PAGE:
Iraq Surge Showing Results, President Bush Says
USINFO White House Correspondent
Washington – The surge of thousands more U.S. troops into key areas of Iraq is beginning to show results, according to President Bush.
“I'm encouraged and, more importantly, the people in Baghdad are encouraged by what we're seeing,” Bush said June 28 at the Naval War College in Newport, Rhode Island. “Citizens are forming neighborhood watch groups. Young Sunnis are signing up for the army and police. Tribal sheikhs are joining the fight against al-Qaida. Many Shi’a are rejecting the militias.”
Following a comprehensive strategic review, the Bush administration announced “a new way forward” in January to help Iraq and give its parliament the time needed to pursue key reforms and political reconciliation among its Sunni, Shiite and Kurdish communities. (See related article.)
The centerpiece of the strategy, led by coalition commander General David Petraeus, is a “surge” of more than 21,500 U.S. combat troops tasked with supporting Iraqi efforts to clear neighborhoods of hostile insurgents, establish a continuous presence and work with local leaders to rebuild communities.
“The last of the reinforcements arrived in Iraq earlier this month,” Bush said. “The full surge has begun.”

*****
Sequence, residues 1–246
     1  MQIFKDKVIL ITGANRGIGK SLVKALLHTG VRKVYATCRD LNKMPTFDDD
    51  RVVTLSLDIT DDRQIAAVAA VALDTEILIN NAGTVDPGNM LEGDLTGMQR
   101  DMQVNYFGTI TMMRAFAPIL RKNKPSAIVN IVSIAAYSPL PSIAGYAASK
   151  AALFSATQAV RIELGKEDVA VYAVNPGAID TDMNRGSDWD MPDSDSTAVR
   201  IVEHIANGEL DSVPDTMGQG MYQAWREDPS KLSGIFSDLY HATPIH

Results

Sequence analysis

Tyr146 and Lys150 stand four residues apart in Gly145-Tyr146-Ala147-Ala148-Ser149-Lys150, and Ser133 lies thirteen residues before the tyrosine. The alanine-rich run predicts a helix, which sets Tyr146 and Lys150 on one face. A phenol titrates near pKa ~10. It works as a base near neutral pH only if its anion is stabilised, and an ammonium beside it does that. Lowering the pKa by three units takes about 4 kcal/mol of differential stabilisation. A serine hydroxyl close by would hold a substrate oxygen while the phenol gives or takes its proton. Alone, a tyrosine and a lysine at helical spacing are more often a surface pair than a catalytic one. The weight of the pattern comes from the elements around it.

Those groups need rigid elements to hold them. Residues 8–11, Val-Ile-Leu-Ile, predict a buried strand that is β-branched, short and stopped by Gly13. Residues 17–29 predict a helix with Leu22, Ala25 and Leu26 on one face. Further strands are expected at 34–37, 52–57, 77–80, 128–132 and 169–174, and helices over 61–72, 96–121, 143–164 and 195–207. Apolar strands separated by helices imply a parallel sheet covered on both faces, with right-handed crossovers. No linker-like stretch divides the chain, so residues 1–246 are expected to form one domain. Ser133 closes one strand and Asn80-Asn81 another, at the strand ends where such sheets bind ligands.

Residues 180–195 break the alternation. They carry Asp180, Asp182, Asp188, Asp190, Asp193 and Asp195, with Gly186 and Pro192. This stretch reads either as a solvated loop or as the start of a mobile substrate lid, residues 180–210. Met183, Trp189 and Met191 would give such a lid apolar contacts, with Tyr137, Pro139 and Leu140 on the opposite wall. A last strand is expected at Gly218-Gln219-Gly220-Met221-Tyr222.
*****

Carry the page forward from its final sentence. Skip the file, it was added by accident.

In Iraq’s southwestern Anbar province, Bush said, U.S. Marines have joined with local Sunni sheikhs to confront insurgents from al-Qaida in Iraq, who have sought to establish a regional stronghold in the area and launched a systematic campaign to assassinate opposing tribal elders.
Al-Qaida remains a dangerous presence in Anbar, but thanks to the Iraqi and coalition partnership, attacks are at a two-year low and a new police academy has opened to train local recruits to serve and protect their community, Bush said.
In Baghdad, Iraq, the newly deployed forces are leading a new offensive targeting insurgents operating in the capital and surrounding provinces, according to the president.
North of Baghdad, Iraqi and coalition forces are fighting block-by-block in Diyala to disrupt militant activity, Bush said. In the west, they are intercepting foreign fighters infiltrating the border. Along the Tigris River south of the capital, Bush said, forces are moving into territory controlled by insurgents and have seized weapons caches and bomb making materials.
“If we can clear these strongholds of al-Qaida and death squads, we can improve life for the citizens of the areas and inhibit the enemy's ability to strike within the capital.”
The next challenge, Bush said, would be to secure communities located along Sunni-Shiite “fault lines,” where extremist elements likely would try again to undermine the Iraqi government by staging new attacks to reignite sectarian violence.
Bush also highlighted the quiet but important role of provincial reconstruction teams (PRTs), which bring military and civilian experts to help local communities pursue reconciliation and help promote self-reliance. Across Iraq, he said, PRTs are helping Iraqi judges to restore the rule of law, local governments to initiate rebuilding projects and create new jobs, and business leaders to encourage new economic development.
For more information, see Iraq Update.